Different underlying motivations and abilities predict student versus teacher persistence in an online course

Different underlying motivations and abilities predict student versus teacher persistence in an... Free online courses, including Massively Open Online Courses, have great potential to increase the inclusiveness of education, but suffer from very high course dropout rates. A study of 172 K-12 students and 114 K-12 teachers taking the same free, online, summertime programming course finds that student and teacher populations have different underlying motivational models that predict rates of persistence in the course despite having generally similar motivational levels. Student persistence is predicted by prior programming knowledge, intrinsic interest in the subject matter, and mastery approach goals. By contrast, teacher persistence is similarly predicted by intrinsic interest, but then also by self-identity as a programmer, performance approach goals, and negatively by performance avoidance goals. This sub-population discrepancy in predictive factors is novel, and may be reflective of differing environmental conditions or internal mechanisms between students and teachers. Future design of free choice learning environments can take these factors into account to increase rates of user persistence for different target user populations. http://www.deepdyve.com/assets/images/DeepDyve-Logo-lg.png Educational Technology Research and Development Springer Journals

Different underlying motivations and abilities predict student versus teacher persistence in an online course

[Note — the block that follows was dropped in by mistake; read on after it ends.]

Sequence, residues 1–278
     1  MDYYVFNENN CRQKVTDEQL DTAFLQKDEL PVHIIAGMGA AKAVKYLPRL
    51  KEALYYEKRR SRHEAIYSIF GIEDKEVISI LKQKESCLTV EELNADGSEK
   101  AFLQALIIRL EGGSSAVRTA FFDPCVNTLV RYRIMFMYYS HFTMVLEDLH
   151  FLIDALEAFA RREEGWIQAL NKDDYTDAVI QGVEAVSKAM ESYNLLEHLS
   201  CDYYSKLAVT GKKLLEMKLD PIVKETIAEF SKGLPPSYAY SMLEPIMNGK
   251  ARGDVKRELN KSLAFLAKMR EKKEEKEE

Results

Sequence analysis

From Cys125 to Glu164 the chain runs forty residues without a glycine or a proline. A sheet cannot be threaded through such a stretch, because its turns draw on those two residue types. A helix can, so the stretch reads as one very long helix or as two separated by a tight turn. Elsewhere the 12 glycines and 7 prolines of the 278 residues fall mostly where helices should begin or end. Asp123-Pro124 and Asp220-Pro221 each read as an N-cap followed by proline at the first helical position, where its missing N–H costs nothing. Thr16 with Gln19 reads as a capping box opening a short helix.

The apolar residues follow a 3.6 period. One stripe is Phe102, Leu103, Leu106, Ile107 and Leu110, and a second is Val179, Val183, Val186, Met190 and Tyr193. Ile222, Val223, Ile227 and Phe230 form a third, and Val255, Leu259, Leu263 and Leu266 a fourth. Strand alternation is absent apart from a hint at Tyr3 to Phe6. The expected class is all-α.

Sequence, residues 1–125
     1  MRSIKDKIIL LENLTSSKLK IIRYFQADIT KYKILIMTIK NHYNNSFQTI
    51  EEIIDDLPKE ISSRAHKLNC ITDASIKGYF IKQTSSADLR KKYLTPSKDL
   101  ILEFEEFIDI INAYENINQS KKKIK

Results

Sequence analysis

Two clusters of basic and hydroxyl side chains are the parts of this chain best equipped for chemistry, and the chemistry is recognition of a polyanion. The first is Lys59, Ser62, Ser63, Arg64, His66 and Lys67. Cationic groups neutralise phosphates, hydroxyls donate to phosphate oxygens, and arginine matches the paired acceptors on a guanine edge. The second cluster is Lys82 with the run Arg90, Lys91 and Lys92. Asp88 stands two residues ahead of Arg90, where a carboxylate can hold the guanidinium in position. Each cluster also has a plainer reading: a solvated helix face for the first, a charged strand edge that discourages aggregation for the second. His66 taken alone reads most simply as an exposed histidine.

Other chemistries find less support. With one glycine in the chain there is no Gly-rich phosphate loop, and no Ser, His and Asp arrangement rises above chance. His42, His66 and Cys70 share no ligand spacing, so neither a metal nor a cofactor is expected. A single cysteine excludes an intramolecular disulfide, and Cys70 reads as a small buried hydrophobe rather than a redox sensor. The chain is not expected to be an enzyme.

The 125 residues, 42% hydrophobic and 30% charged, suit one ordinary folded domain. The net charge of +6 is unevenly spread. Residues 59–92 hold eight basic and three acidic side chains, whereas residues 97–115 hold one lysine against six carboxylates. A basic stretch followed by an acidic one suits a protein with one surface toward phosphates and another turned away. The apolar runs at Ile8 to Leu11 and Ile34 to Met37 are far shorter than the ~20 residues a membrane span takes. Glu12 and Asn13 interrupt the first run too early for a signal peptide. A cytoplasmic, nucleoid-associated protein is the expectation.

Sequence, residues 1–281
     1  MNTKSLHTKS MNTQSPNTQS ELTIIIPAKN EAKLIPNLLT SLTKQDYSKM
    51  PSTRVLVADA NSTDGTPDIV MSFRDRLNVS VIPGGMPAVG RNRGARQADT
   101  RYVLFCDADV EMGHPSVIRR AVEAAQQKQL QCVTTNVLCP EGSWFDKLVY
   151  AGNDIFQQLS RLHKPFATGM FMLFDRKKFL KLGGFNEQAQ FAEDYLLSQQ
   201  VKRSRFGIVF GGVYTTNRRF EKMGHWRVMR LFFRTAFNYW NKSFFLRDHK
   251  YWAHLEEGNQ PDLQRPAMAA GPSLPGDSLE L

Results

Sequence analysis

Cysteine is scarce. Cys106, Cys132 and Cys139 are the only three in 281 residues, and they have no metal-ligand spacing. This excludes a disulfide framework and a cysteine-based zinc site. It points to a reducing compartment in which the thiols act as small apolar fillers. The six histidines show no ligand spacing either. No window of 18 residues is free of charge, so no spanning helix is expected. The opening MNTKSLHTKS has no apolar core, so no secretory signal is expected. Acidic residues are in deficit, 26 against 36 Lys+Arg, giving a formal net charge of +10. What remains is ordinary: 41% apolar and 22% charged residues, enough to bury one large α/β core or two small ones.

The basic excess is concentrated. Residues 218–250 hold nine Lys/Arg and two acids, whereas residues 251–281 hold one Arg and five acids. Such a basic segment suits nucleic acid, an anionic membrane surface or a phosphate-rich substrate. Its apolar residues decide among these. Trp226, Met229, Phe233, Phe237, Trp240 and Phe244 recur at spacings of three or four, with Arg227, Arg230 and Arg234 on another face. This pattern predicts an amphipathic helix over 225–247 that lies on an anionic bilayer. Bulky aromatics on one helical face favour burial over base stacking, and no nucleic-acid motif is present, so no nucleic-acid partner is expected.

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Publisher
Springer Journals
Copyright
Copyright © 2017 by Association for Educational Communications and Technology
Subject
Education; Educational Technology; Learning and Instruction
ISSN
1042-1629
eISSN
1556-6501
D.O.I.
10.1007/s11423-017-9528-z
Publisher site
See Article on Publisher Site

Abstract

Free online courses, including Massively Open Online Courses, have great potential to increase the inclusiveness of education, but suffer from very high course dropout rates. A study of 172 K-12 students and 114 K-12 teachers taking the same free, online, summertime programming course finds that student and teacher populations have different underlying motivational models that predict rates of persistence in the course despite having generally similar motivational levels. Student persistence is predicted by prior programming knowledge, intrinsic interest in the subject matter, and mastery approach goals. By contrast, teacher persistence is similarly predicted by intrinsic interest, but then also by self-identity as a programmer, performance approach goals, and negatively by performance avoidance goals. This sub-population discrepancy in predictive factors is novel, and may be reflective of differing environmental conditions or internal mechanisms between students and teachers. Future design of free choice learning environments can take these factors into account to increase rates of user persistence for different target user populations.

Journal

Educational Technology Research and DevelopmentSpringer Journals

Published: May 2, 2017

References

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